Dr. Alain Labrique has a joint appointment in health sciences informatics at the Johns Hopkins University School of Medicine. He is an associate professor of international health and holds a joint appointment in epidemiology at the Johns Hopkins Bloomberg School of Public Health. His research focuses on infectious diseases.
Dr. Labrique’s current research works to define the consequences of hepatitis E infections in pregnant women in South Asia, reduce nosocomial infections in hospitalized neonate, and explore the role of intrapartum infections on pregnancy outcomes and neonatal mortality.
Dr. Labrique is also working to describe the “trajectories to mortality” in resource-limited settings experienced by women of reproductive age and infants, in order to identify novel opportunities for intervention. Leading an interdisciplinary team spanning Johns Hopkins, Dr. Labrique and colleagues are exploring the potential for mobile information and communications technologies to facilitate timely emergency obstetric and neonatal care to reduce perinatal mortality and maternal morbidity in rural Bangladesh.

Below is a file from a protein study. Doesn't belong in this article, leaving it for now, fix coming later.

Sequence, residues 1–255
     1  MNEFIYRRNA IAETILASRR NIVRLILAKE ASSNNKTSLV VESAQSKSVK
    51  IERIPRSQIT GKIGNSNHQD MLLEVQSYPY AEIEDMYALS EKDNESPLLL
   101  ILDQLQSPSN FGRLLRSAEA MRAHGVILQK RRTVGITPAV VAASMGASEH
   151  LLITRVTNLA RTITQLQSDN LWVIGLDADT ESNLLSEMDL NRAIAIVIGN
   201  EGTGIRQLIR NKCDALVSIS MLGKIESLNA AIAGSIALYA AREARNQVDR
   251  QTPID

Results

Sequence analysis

He is also actively engaged in designing and exploring appropriate diagnostic and public health technologies, and is the inventor of a number of devices (three patents pending), including the portable field dark adaptometer, a novel device currently being validated as a non-invasive method for vitamin A assessment.
Dr. Labrique received his B.S. degree in biology and his M.S. degree in molecular biology from the University of North Carolina at Chapel Hill. He earned his M.H.S. and Ph.D. from the Johns Hopkins Bloomberg School of Public Health. Dr. Labrique joined the Johns Hopkins faculty in 2007.
He is the founder and chair of the Global mHealth Initiative at Johns Hopkins. He is a member of the American College of Epidemiology and the Center for Global Health, and serves on the editorial board of the World Journal of Clinical Infectious Diseases. He has been awarded the Johns Hopkins University President’s Award for Excellence in Advising and the National Institutes of Health Summer Institute Fellowship.